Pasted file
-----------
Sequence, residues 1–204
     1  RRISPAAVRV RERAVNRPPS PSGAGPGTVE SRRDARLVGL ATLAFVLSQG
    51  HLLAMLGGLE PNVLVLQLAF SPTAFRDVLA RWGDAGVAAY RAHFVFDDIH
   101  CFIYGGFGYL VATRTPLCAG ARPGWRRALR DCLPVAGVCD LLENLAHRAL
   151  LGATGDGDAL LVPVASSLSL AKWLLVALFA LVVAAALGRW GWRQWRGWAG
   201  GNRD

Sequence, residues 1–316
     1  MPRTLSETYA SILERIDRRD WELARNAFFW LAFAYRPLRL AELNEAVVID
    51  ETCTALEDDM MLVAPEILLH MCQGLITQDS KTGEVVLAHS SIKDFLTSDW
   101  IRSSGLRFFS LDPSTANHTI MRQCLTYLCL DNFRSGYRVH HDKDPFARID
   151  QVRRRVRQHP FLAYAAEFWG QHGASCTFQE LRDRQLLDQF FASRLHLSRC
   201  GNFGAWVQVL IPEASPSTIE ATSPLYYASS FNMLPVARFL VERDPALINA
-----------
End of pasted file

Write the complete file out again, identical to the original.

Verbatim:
Sequence, residues 1–204
     1  RRISPAAVRV RERAVNRPPS PSGAGPGTVE SRRDARLVGL ATLAFVLSQG
    51  HLLAMLGGLE PNVLVLQLAF SPTAFRDVLA RWGDAGVAAY RAHFVFDDIH
   101  CFIYGGFGYL VATRTPLCAG ARPGWRRALR DCLPVAGVCD LLENLAHRAL
   151  LGATGDGDAL LVPVASSLSL AKWLLVALFA LVVAAALGRW GWRQWRGWAG
   201  GNRD

Sequence, residues 1–316
     1  MPRTLSETYA SILERIDRRD WELARNAFFW LAFAYRPLRL AELNEAVVID
    51  ETCTALEDDM MLVAPEILLH MCQGLITQDS KTGEVVLAHS SIKDFLTSDW
   101  IRSSGLRFFS LDPSTANHTI MRQCLTYLCL DNFRSGYRVH HDKDPFARID
   151  QVRRRVRQHP FLAYAAEFWG QHGASCTFQE LRDRQLLDQF FASRLHLSRC
   201  GNFGAWVQVL IPEASPSTIE ATSPLYYASS FNMLPVARFL VERDPALINA